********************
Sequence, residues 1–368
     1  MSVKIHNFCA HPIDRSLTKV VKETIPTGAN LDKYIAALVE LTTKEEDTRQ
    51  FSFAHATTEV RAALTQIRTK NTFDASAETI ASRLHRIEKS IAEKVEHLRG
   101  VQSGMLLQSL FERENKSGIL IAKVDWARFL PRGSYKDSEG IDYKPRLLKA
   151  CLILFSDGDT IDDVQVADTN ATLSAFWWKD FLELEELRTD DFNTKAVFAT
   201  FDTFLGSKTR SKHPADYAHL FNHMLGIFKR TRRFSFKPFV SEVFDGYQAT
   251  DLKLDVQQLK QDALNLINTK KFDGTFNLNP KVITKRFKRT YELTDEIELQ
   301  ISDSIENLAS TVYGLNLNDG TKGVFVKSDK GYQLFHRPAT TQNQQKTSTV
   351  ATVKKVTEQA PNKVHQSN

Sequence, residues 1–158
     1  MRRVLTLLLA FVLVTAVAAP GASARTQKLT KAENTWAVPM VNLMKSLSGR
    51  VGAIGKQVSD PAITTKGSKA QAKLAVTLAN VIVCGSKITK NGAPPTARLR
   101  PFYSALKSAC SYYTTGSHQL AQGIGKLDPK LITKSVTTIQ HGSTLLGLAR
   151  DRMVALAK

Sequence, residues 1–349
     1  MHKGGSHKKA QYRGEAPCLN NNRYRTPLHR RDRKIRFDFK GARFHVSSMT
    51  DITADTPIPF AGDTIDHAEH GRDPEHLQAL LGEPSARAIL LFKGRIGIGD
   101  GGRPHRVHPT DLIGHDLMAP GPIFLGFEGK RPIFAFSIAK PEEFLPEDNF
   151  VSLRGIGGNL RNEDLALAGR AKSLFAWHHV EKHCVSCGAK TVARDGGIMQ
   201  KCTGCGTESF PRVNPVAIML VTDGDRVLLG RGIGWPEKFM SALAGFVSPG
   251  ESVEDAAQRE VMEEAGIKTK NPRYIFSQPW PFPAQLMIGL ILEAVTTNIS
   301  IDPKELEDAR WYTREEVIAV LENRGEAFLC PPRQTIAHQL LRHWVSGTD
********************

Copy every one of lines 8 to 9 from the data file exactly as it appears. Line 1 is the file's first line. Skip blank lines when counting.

   301  ISDSIENLAS TVYGLNLNDG TKGVFVKSDK GYQLFHRPAT TQNQQKTSTV
   351  ATVKKVTEQA PNKVHQSN